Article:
|Name:||John Edward Crowley|
1st Squadron, 1st Cavalry,
23rd Infantry Division (Americal)
|Date of Birth:||25 September 1949 (Sodus, NY)|
|Home of Record:||Williamson, NY|
|Date of Loss:||10 August 1970|
|Country of Loss:||Laos|
|Loss Coordinates:||152149N 1073055E (YC700000)
Click coordinates to view maps
|Status in 1973:||Killed/Body Not Recovered|
|Other Personnel in Incident:||CW2 William E. Boyle; WO Gary B. Smith; SP4 Jesus O. Alvarez (all rescued); passengers from MACV-SOG team (unnamed - rescued)|
SYNOPSIS: By early 1967, the Bell UH1 Iroquois was already the standard Army assault helicopter, and was used in nearly every "in-country" mission. Better known by its nickname "Huey," the troop carriers were referred to as "Slicks" and the gunships were called "Hogs." It proved itself to be a sturdy, versatile aircraft which was called on to carry out a wide variety of missions including search and rescue, close air support, insertion and extraction, fire support, and resupply to name a few. It usually carried a crew of four.
MACV-SOG, or Military Assistance Command Vietnam Studies and Observation Group, was a joint service high command unconventional warfare task force engaged in highly classified operations throughout Southeast Asia. The 5th Special Forces channeled personnel into MACV-SOG (though it was not a Special Forces group) through Special Operations Augmentation (SOA), which provided their "cover" while under secret orders to MACV-SOG. These teams performed deep penetration missions of strategic reconnaissance and interdiction which were called, depending on the time frame, "Shining Brass" or "Prairie Fire" missions.
On 10 August 1970, WO Gary B. Smith, pilot; William E. Boyle, aircraft commander; SP4 John E. Crowley, crew chief, and SP4 Jesus O. Alvarez, door gunner; comprised the crew of a UH1H helicopter (tail #68-16520) on a classified "Prairie Fire" mission. The aircraft was operating in an area approximately 15 miles southwest of Kham Duc Special Forces Camp, South Vietnam; and 2 miles inside Xekong Province, Laos. Also aboard the Huey were an unspecified number of special operations personnel who were being inserted into the area.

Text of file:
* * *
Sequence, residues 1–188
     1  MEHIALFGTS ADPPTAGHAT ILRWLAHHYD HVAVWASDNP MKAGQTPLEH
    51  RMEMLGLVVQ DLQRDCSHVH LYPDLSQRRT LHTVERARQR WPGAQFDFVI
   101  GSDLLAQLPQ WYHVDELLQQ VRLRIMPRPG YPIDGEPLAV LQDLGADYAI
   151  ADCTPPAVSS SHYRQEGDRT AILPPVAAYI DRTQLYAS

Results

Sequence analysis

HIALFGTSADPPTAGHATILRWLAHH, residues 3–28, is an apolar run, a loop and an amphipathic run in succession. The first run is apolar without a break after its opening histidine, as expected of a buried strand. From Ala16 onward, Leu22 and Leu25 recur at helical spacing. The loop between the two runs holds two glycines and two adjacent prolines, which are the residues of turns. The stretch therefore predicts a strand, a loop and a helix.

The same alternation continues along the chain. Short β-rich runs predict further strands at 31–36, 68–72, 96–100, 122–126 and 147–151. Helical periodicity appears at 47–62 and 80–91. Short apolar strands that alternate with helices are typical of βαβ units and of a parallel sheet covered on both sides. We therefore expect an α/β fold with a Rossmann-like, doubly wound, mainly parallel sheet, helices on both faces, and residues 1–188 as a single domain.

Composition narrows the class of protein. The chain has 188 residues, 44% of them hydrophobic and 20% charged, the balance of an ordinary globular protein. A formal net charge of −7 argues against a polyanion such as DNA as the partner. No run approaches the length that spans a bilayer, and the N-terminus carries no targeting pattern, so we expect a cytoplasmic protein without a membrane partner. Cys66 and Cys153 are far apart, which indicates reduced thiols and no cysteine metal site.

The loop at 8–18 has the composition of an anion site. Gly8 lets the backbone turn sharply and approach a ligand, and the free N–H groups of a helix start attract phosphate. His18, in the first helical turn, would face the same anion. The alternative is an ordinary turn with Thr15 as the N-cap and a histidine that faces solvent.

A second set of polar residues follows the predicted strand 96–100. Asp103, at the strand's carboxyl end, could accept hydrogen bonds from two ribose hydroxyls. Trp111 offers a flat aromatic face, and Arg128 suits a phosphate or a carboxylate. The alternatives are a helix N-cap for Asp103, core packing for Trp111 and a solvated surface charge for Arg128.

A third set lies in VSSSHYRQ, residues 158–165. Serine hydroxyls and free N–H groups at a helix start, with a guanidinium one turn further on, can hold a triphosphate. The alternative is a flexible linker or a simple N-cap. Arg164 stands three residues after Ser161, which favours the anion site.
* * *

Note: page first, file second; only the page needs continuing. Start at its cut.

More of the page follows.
When the helicopter was approximately 25 feet above the rugged, jungle-covered ground, it suddenly lost power and crashed. No reason for the crash could be determined. SPC Crowley and one passenger were trapped inside the aircraft. Another helicopter arrived on site within minutes. A medic aboard that helicopter entered the wreckage and managed to free the passenger. He found John Crowley was firmly wedged between the aircraft and the ground. After three minutes of working to free the crewchief, the medic determined there were no vital signs and he was dead. All surviving personnel from the downed Huey were extracted from the crash site.
Later that day another rescue team was inserted into the area armed with the necessary tools and equipment to recover SPC Crowley's remains. Because of enemy activity in and around the crash site, the team was unable to reach the helicopter's wreckage. The second recovery team was extracted by helicopter the next day without ever having an opportunity to recover the trapped crewman. John Crowley was immediately listed Killed in Action/Body Not Recovered.
John E. Crowley is among nearly 600 Americans who disappeared in Laos. Many of these men were known to be alive on the ground. The Laotians admitted holding "tens of tens" of American Prisoners of War, but these men were never negotiated for either by direct negotiation between our countries or through the Paris Peace Accords which ended the War in Vietnam since Laos was not a party to that agreement.
While the fate of SPC Crowley is not in doubt, he has the right to have his remains returned to his family, friends and country that he gave his life for. For other Americans who remain unaccounted for in Southeast Asia, their fate could be quite different.
Since the end of the Vietnam War well over 21,000 reports of American prisoners, missing and otherwise unaccounted for have been received by our government. Many of these reports document LIVE American Prisoners of War remaining captive throughout Southeast Asia TODAY.
American servicemen in Vietnam were called upon to operate in many dangerous circumstances both on and off duty, and they were prepared to be wounded, killed or captured. It probably never occurred to them that they could be abandoned by the country they so proudly served.